Scoot: Is Trump's Supreme Court nominee good or bad for America?

Scoot
July 10, 2018 - 3:11 pm

Nominating Supreme Court justices is one of the most monumental decisions presidents make during their time in office. Last night, President Donald Trump made his second Supreme Court nomination, which could have a lasting impact on the High Court for decades.

President Trump nominated Judge Brett Kavanaugh to fill the vacancy left by retiring Justice Anthony Kennedy. Kennedy, nominated by President Reagan, was often an important swing vote on the court. Many Democrats feared that President Trump would nominate an ultra-conservative in an attempt to swing the court to the right. Many Republicans were hoping the President would swing the court to the right. Which side should celebrate the selection of Kavanaugh?

Judge Brett Kavanaugh served under both Bush administrations. He worked on the investigation of President Bill Clinton and clerked under Justice Kennedy, the very justice he is nominated to replace. Kavanaugh is described as a strong conservative; and many fear that Kavanaugh could be the vote that overturns Roe v. Wade, the landmark decision that insured legalized abortions in the United States, and be a setback for LGBTQ rights.

President Trump said that he would not question potential nominees about their political views or how they might rule on key issues like Roe v. Wade. The President did not have to ask those questions because those who made the list of nominees for consideration, including The Federalist Society and The Heritage Foundation, did that work for the President. It is believed that each name on the list of potential nominees had been appropriately tested on conservative positions and conservative ideology.

In his announcement nominating Kavanaugh, President Trump said: “What matters is not a judge’s political views, but whether they can set aside those views to do what the law and the Constitution require. I am pleased to say I have found without a doubt such a person.” Trump spoke about Kavanaugh’s “impeccable credentials, unsurpassed qualifications and a proven commitment to equal justice under the law.” Those are the idealistic characteristics of a Supreme Court Justice that we should all hope are true.

Every president crafts speeches and forms statements to promote a desired message, but President Trump has been exceptional at making statements that cannot be trusted. So, it would be naive to accept the President’s glowing words about Judge Kavanaugh without a filter of skepticism.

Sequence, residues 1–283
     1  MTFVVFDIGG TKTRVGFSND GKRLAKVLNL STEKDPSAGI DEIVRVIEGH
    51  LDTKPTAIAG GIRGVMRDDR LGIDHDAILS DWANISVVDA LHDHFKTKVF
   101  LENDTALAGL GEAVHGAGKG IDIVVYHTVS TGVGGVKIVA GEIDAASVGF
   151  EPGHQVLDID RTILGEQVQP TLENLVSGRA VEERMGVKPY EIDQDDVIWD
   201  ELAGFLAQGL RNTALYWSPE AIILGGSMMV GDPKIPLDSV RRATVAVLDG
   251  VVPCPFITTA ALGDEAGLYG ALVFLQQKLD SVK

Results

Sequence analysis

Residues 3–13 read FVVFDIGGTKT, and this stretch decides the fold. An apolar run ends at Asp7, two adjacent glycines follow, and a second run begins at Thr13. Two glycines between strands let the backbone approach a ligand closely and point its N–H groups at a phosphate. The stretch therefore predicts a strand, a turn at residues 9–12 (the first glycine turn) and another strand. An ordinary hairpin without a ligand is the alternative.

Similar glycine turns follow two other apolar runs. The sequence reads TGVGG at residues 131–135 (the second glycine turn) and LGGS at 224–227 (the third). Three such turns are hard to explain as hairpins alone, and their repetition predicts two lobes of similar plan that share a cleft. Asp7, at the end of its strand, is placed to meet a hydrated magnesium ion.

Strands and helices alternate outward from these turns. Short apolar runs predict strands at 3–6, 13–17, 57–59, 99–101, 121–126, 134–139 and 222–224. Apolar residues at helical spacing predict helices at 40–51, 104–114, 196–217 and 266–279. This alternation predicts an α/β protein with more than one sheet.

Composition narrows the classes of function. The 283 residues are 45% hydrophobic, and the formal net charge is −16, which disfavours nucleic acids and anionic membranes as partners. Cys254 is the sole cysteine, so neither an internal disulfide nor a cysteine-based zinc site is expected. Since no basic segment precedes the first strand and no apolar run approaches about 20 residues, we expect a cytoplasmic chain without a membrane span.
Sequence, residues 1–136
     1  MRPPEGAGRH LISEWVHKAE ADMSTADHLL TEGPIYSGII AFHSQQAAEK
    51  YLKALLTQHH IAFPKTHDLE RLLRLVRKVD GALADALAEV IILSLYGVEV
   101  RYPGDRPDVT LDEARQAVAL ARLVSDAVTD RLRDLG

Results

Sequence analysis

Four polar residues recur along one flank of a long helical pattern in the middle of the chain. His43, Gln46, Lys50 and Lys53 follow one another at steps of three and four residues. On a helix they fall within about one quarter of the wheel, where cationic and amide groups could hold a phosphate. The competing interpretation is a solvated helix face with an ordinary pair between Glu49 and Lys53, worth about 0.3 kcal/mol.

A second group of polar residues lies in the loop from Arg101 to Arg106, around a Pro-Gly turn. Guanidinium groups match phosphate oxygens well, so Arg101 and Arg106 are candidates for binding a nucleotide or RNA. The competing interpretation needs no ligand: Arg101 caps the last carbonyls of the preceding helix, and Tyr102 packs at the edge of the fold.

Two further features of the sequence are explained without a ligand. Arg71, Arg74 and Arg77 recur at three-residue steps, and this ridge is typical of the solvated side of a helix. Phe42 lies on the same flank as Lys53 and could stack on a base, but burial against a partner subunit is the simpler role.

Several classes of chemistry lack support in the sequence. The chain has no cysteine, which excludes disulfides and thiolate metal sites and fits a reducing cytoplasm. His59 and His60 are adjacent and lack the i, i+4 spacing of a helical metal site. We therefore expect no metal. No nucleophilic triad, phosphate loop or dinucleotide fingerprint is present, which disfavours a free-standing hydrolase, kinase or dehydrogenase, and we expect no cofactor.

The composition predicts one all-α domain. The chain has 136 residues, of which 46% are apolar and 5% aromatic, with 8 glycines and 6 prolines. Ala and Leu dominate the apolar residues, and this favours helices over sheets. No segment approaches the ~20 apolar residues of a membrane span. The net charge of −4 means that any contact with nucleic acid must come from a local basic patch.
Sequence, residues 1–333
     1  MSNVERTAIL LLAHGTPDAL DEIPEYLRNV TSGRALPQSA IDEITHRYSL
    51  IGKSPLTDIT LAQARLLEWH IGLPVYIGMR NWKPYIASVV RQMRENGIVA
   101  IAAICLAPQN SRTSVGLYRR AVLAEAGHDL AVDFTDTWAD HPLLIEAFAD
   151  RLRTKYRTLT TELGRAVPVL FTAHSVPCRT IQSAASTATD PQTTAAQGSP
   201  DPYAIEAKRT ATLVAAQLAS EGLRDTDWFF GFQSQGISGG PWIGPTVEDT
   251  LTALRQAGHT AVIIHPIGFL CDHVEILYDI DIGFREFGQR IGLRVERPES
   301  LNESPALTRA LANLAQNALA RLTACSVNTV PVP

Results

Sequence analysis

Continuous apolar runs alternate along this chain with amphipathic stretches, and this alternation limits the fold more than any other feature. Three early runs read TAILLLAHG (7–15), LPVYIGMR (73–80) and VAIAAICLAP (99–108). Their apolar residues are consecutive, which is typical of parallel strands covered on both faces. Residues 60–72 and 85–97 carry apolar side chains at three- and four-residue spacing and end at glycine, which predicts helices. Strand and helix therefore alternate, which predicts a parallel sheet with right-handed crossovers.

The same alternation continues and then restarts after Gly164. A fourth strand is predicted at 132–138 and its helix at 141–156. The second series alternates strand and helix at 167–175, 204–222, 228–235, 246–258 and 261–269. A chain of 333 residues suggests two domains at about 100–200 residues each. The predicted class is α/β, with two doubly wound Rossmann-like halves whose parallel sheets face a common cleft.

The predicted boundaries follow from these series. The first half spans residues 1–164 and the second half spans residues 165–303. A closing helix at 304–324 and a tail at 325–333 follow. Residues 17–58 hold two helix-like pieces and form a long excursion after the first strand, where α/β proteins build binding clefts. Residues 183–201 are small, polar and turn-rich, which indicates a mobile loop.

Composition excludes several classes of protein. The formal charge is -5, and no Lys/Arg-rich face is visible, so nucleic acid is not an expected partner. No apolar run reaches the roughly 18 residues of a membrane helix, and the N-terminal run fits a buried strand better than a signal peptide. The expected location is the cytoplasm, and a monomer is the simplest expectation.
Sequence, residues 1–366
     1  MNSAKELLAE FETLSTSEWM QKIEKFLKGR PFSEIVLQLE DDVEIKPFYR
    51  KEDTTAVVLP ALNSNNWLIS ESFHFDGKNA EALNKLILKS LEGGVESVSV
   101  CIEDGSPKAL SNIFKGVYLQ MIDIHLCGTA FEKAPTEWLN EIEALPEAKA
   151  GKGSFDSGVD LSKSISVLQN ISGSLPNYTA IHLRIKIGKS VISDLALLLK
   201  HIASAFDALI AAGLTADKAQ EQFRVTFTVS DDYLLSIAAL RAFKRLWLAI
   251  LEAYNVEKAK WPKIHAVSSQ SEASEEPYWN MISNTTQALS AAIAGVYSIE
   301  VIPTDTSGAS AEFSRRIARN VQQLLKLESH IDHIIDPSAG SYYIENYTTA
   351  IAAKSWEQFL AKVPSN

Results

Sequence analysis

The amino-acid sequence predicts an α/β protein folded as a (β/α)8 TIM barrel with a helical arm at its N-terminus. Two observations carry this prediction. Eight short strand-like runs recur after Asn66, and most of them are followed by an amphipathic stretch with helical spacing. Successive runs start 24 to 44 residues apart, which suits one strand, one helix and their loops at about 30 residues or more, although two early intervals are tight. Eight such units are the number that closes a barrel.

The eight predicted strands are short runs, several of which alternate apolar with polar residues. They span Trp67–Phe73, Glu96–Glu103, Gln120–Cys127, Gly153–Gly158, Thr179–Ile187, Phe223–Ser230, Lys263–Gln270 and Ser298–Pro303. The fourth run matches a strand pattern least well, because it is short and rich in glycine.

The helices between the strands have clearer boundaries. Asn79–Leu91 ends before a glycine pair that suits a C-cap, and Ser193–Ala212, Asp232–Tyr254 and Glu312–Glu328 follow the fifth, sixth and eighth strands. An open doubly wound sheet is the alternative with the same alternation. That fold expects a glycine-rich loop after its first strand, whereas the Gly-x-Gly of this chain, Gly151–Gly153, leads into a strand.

In the current political climate of America, judgment of Brett Kavanaugh will be based on political tribalism, rather than objectivity. There will be those who will automatically condemn Kavanaugh and those who automatically praise him as the new nominee to the Supreme Court.

For the Democrats who fear a new Trump nominee will lead to the loss of abortion rights, LGBTQ rights and same-sex marriage, Judge Kavanaugh appears to have no official record on LGBTQ rights, same-sex marriage and is not known to oppose the 1973 Roe v. Wade decision. But if he made it to President Trump’s list, then there is reason to wonder what the future will hold for important issues of equality.

But consider the journey of Justice David Souter, nominated by President George H.W. Bush in 1990, who initially seemed to be a staunch conservative and after the nomination of Clarence Thomas in 1991, appeared to sense a conservative tilt and then surprised and disappointed many conservatives by voting with liberal justices on a few key issues.

Last night on Fox News, host Sean Hannity predicted that the wicked left will take extreme measures to destroy the reputation of Judge Kavanaugh, which I found comical because that suggests that the right would not do the same thing to a nominee from a Democrat sitting in the White House. And yet, the Fox News audience will not consider that the right would do the same thing and condemn the left as the only evil political empire.

If President Trump’s words about Kavanaugh are lived out during his time on the Supreme Court, then America is the big winner. If, however, those were just cheap words designed to shape positive opinions and Kavanaugh does sway the court to the extreme right, then America loses, even conservative Americans.

Hannity applauded President Trump for keeping his promise to the American people. I recall the promise to the American people during the campaign was to vote for Trump because America needs a balanced court. If Trump’s nomination of Judge Kavanaugh is actually a covert attempt to overturn Roe v. Wade and LGBTQ rights, then his campaign plea that a vote for him is a vote for a balanced court was a lie.

If Hillary Clinton had won the election and she were facing her second Supreme Court nomination, she would probably be seeking judges that she believed would lean the collective vote of the court to the left; and there should be equal criticism of that, as well.

But for those who still want equal negative time devoted to Hillary, it’s important to remind them that she lost and Trump is president. One of the disadvantages to winning is that you, not the loser, will be judged daily by your actions.

Our hope - that of the right, the left and everyone in-between - should be that if Judge Brett Kavanaugh is approved as the next justice of the SCOTUS, he strictly interprets the Constitution without allowing the politics of the day to guide decisions that will have a long-range impact of life in America.

 

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